Some people might call it remarkable that Richard Simmons, the outrageous, animated, flamboyant clown prince of American fitness, hasn't reshaped his irrepressibly elfin appeal for decades.
"People treat me like family, 'cause I've always treated them like family," Simmons said. "My father said something years ago: 'Know no strangers.' Everyone in this world is somehow connected. So why not just be nice to everybody."
Clad in his uniform -- Dolfin shorts and tank top encrusted with Swarovski crystals -- the reliably overwrought Simmons is one face Americans recognize.
Even those who haven't seen his infomercials or his more than 50 workout tapes and DVDs -- his latest called "Party Off the Pounds" -- figure they already know Simmons, thanks to his many television appearances.
But there's a side of Simmons that far fewer people are familiar with. Every morning he heads down to the office in his West Hollywood home, picks up the telephone and calls the morbidly obese.
"Hey, it's Richard Simmons calling, how are you," he said, talking to a woman who, at 5 feet 8 inches, weighs 265 pounds. "She's been up and down so many times I can't even tell you. Up and down so many times."
These people, or their loved ones, have reached out to Simmons, via e-mail or in person. To them, he seeks to bring hope and self-esteem. And he doesn't try to sell them anything, except the value of diet and exercise.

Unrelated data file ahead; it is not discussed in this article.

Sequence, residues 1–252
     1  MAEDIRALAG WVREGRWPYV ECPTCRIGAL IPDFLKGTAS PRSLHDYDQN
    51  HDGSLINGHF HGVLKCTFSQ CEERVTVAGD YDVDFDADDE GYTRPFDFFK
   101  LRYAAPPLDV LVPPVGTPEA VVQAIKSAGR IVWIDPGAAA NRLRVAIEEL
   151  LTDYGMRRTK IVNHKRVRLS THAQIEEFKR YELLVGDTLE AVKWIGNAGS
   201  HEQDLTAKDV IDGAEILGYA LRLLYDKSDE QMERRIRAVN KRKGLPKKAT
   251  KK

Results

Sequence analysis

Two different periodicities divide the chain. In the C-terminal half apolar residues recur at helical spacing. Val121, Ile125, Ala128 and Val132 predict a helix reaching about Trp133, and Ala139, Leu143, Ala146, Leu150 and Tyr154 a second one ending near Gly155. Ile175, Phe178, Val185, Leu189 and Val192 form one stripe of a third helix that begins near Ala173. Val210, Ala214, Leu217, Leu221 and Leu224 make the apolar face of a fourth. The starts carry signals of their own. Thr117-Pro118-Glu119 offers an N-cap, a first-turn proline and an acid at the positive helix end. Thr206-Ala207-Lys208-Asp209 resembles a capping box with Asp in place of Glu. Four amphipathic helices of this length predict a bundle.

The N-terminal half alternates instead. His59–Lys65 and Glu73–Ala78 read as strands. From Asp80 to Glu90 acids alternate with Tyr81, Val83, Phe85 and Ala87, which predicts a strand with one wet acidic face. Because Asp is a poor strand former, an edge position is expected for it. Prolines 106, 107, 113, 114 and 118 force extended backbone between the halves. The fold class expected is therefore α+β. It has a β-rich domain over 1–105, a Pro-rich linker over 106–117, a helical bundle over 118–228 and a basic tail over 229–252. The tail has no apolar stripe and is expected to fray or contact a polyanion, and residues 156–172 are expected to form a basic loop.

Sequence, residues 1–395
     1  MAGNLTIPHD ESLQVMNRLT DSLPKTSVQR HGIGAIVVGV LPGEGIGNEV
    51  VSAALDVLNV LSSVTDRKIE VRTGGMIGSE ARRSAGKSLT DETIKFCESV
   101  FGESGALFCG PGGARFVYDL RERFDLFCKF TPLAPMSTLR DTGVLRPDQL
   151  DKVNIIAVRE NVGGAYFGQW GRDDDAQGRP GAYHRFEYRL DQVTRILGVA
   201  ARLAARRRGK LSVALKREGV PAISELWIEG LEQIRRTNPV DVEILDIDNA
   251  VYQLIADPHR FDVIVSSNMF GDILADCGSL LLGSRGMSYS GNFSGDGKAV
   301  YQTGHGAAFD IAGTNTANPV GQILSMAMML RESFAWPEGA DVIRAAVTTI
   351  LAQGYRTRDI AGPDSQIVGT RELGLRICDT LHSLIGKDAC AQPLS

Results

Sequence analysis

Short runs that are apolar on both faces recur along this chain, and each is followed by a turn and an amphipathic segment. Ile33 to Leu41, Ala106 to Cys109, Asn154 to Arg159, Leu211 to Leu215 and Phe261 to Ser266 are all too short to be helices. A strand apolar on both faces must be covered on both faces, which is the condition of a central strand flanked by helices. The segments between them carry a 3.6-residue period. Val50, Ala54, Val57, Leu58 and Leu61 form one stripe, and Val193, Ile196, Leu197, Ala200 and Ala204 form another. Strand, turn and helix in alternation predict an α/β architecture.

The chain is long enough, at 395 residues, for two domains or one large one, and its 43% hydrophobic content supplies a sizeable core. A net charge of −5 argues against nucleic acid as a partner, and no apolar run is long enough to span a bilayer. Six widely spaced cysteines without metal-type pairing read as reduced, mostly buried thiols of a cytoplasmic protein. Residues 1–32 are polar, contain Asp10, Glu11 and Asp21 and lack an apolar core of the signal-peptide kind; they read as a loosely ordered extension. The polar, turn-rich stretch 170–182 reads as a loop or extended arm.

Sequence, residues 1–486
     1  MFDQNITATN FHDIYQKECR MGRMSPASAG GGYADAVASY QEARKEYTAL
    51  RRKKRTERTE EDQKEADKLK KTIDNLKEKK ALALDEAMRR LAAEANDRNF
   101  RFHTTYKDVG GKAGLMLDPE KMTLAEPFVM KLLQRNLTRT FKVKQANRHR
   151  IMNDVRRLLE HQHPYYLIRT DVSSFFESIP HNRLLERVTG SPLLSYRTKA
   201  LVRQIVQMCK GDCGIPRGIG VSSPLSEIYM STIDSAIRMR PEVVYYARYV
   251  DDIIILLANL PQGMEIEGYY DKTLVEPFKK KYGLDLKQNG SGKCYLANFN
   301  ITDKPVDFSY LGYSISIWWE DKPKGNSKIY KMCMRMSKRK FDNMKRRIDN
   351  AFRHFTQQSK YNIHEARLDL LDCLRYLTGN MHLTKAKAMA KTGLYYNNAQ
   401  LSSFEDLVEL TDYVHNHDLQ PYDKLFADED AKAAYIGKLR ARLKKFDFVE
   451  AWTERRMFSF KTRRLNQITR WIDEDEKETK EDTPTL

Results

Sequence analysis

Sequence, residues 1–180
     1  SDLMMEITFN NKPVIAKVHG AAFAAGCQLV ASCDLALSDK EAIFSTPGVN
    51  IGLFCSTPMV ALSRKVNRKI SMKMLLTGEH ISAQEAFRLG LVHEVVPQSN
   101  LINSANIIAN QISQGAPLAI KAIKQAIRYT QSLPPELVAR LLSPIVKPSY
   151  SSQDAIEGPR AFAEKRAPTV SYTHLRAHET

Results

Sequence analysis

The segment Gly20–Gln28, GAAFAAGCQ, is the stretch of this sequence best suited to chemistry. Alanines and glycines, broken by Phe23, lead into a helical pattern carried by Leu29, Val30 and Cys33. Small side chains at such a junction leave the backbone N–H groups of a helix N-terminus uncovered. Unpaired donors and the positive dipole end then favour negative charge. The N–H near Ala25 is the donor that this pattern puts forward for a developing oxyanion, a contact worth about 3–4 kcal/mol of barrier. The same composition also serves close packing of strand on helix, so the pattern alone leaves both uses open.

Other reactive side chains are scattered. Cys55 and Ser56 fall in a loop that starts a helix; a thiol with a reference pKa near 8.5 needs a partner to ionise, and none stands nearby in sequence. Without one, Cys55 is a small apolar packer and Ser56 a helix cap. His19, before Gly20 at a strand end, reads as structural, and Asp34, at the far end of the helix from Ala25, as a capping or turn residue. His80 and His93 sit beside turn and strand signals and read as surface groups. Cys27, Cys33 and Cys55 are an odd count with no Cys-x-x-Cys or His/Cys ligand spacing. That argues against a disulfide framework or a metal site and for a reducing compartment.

"I call them to check up on them," he said. "I call them to tell them how beautiful they are. I tell them they are successful and they're worth it. I tell them about having more self-respect. I sing to them."
Outsiders may question Simmons' sincerity, wondering whether he really feels that way about these people or whether he's just saying it to make them feel better.
"I don't have to work anymore," he said. "I don't have to make a phone call anymore, I don't have to do one more leg lift. This is my passion and this is my mission. And I've never deterred from it. And people have watched me over the years do what I do and you can't fake this. Either you really care about what you do or you don't. ... I eat, breath, sleep, do everything for this, and it makes me happy."
Today, Simmons is a self-described "court jester" on the national scene. But before the age of personal trainers and gastric-bypass surgery; before the heyday of yoga, Pilates and spinning classes; before Jane Fonda's workout tapes, Simmons was 1-2-3-4-ing his way to fitness fame.
"Look at Dick Simmons," he said. "60 [and] still doin' it, buddy."
"Dickie" Simmons (born Milton Teagle Simmons) grew up large but not in charge in New Orleans, surrounded by the caloricly colossal Creole restaurants of the French Quarter. Before a nurse's intervention got him healthy and looking trim, he'd put away enough to become a 250-pound teen.
"I did many things," he said of his dieting struggles. "Diet pills in elementary school, throwing up four, five times a day, taking 30 laxatives a day to go to the bathroom. Starving and not eating for weeks. Trying to be accepted. Trying to change what you look like.
"I just, you know, was so different it seemed than anyone else. I always thought I was from a different planet. ... I just stayed by myself as a kid and played 45 [rpm] records in my bedroom and lip-synced to all the people that had famous songs."